2007/12/13

Chechnya: before the war began

To continue the yesterday's topic of Chechnya, here's a link to the web-site of Yuri Kondratyev, also known as Roy Conrad, Russian-Canadian journalist who currently lives in Korea: Roy Conrad. Till 1993 he lived in Grozny, the capital of Chechnya. In 2000 he wrote a book about his life in Grozny and why he had to leave. The book is available online: Grozny. A Few Days...

However, the book is not the only thing that deserves attention there. Roy Conrad has collected the testimonies of many former citizens of Chechnya: Russians, Jews, Ukrainians, Armenians and others, including Chechens. These accounts may explain why Russian army and police had to return to Chechnya on 11 December 1994. Here are some excerpts from this article titled "Russians! Don't leave, we need slaves!"

Mr. D. Gakuryan, former Grozny resident.

“In November 1994 my Chechen neighbors threatened me with gun and then kicked me out of the apt. and settled down there.”

Ms. P.Kuskova, former Grozny resident.

“On July 1, 1994 four Chechen teens broke my arm and raped me not far from “Red Hammer” plant when I was coming home from work.”

Ms. N. Trofimova, former Grozny resident.

“In September 1994 Chechens stormed my sisters apt. (Ms. Vishnyakova). They raped her in the presense of her children, beat her son and took away her 12-year old daughter Helen. She never returned home.

From 1993 my son has been severely beaten and robbed by Chechens.”

Ms. Khrapova, former Gudermes resident.

“In August 1992 our neighbor Mr. Sarkisyan and his wife were tortured and set on fire alive.”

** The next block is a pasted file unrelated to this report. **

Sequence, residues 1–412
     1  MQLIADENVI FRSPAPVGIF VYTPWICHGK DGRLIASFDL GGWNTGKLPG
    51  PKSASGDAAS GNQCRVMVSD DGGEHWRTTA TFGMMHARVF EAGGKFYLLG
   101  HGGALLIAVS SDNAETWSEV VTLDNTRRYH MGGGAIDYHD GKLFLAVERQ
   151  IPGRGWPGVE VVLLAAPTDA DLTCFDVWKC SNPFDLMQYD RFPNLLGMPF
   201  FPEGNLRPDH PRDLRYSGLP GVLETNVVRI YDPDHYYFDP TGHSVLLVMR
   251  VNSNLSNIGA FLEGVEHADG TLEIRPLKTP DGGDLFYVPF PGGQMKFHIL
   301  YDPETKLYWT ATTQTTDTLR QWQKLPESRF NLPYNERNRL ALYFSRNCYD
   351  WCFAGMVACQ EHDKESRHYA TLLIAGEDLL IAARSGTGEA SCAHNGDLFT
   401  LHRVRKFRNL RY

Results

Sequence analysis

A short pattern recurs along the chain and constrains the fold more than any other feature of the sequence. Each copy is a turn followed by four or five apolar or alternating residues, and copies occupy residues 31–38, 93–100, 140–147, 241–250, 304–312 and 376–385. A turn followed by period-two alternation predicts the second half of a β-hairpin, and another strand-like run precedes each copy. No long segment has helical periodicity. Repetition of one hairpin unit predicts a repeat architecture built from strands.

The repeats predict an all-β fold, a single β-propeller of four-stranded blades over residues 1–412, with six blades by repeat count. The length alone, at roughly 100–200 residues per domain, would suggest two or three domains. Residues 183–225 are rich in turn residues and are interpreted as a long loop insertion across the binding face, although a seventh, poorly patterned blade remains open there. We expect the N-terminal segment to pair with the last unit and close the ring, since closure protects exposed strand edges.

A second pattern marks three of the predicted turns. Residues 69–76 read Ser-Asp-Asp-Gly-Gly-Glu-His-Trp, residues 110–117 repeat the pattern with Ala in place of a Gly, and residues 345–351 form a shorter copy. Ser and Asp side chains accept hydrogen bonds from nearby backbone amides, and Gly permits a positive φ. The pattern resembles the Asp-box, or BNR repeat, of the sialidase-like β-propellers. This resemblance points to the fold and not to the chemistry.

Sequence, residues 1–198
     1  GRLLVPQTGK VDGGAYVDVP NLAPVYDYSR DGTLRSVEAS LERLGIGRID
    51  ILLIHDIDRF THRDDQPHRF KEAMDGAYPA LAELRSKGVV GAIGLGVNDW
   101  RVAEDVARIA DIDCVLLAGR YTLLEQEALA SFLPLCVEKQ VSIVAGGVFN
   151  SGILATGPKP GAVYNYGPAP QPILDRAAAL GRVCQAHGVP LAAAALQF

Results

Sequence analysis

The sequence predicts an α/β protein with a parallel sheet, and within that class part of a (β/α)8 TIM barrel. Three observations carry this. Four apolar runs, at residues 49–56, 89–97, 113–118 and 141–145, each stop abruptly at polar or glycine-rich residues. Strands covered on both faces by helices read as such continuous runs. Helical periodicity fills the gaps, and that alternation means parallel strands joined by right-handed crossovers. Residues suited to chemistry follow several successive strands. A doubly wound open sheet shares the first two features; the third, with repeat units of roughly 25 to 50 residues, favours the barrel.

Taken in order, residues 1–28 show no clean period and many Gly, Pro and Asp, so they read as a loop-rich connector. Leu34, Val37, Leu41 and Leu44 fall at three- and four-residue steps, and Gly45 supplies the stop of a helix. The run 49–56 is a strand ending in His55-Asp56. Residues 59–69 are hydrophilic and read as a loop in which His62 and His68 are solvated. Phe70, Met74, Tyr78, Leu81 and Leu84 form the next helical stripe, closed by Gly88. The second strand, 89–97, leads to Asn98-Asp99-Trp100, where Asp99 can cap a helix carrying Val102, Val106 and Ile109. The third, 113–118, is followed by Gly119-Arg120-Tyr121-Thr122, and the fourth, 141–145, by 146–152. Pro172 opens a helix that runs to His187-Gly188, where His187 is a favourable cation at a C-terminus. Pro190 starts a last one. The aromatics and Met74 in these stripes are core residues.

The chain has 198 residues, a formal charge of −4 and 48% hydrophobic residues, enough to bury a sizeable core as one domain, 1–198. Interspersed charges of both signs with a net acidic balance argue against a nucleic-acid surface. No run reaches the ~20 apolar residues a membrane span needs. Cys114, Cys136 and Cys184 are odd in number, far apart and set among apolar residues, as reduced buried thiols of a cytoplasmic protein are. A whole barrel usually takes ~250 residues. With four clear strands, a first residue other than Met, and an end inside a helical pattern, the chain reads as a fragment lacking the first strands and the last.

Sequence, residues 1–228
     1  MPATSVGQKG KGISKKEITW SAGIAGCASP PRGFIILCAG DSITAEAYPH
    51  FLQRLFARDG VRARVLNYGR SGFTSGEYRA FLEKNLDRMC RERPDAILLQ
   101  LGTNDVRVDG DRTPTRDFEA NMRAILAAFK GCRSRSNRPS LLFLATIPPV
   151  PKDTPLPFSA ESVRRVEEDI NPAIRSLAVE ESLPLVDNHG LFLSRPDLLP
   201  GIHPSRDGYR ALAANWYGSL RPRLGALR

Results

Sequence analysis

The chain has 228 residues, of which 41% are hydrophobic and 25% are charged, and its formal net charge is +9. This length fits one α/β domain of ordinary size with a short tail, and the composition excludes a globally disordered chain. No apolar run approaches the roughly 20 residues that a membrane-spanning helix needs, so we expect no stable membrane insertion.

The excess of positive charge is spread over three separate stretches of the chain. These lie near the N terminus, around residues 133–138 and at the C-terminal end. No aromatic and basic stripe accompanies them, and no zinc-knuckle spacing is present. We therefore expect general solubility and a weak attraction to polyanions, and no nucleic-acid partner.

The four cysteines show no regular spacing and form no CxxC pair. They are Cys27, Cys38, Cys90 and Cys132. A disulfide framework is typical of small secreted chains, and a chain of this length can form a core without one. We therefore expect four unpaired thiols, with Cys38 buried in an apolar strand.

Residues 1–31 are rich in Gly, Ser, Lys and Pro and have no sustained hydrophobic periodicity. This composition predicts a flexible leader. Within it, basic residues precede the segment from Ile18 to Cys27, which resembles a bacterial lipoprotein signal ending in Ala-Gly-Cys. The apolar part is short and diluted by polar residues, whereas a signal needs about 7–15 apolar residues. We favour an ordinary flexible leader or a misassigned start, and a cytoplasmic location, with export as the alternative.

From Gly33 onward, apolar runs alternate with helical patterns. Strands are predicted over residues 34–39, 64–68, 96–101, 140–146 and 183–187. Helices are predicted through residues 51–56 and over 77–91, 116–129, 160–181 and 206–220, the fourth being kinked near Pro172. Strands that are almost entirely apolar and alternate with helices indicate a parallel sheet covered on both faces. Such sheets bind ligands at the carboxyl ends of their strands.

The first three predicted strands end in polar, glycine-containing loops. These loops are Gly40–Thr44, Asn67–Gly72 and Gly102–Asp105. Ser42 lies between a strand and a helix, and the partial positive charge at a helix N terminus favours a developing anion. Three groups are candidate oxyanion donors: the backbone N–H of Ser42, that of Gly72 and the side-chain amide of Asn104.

Ms. Vdovchenko, former Grozny resident.

“Some days ago, early in the morning my neighbor, a KGB officer, Mr. Tolstenko, was kidnapped by armed Chechens. Later, his mutilated corpse was found. I was told about this by Ms. O.K.” (It really happened in Grozny in 1991)

Ms. Nazarenko, former Grozny resident.

“I stayed in Grozny until November, 1992. President Dudaev was indulgent towards all kinds of crimes against Russians and Chechens were never punished for that. Quite unexpectedly the principal of Grozny State University, Mr. Kan-Kalik disappeared. Later, his corpse was accidentally found in a forest in a pit. He was murdered because he didn’t want to quit his position.”

Ms. Chekulina, 1949 – y.o.b.

“I left Grozny in March, 1993. My son was robbed 5 times, his clothes taken. On his way to school, the Chechens beat him severely, broke his skull, threatened with knife. I was beaten and raped also only because I’m Russian. The Dean of my son’s faculty was murdered. Before our departure from Grozny, my son’s friend Max was killed.”

Ms. Yu. Plentyova, 1970 – y.o.b.

“In the summer of 1994 at 1 pm on Khrushchyov Square I witessed an execution of 2 Chechens, 1 Russian an 1 Korean. It was performed by 4 Dudaev’s guardsmen, who brought the above mentioned victims in foreign made cars. One car which was passing by during the execution was damaged and the driver sustained injuries.”

Mr. A. Fedyushkin, 1945 – y.o.b.

“In 1992 disguised armed Chechens hijacked my relative’s car in the village of Chervlyonnaya. In 1992 or 1993 2 armed Chechens tied up my wife (1949 – y.o.b.) and my older daughter (1973 – y.o.b.) and raped them, then they stole our TV, gas range and disappeared. The attackers were wearing masks.

In 1992 in the village of Chervlyonnaya my mother was robbed by some Chechens. They beat her and took away her icon, and a cross.

My brother’s neighbor went driving outside Chervlyonnaya village and disappeared. This car was later found in the mountains and his corpse – in the river 3 months later.”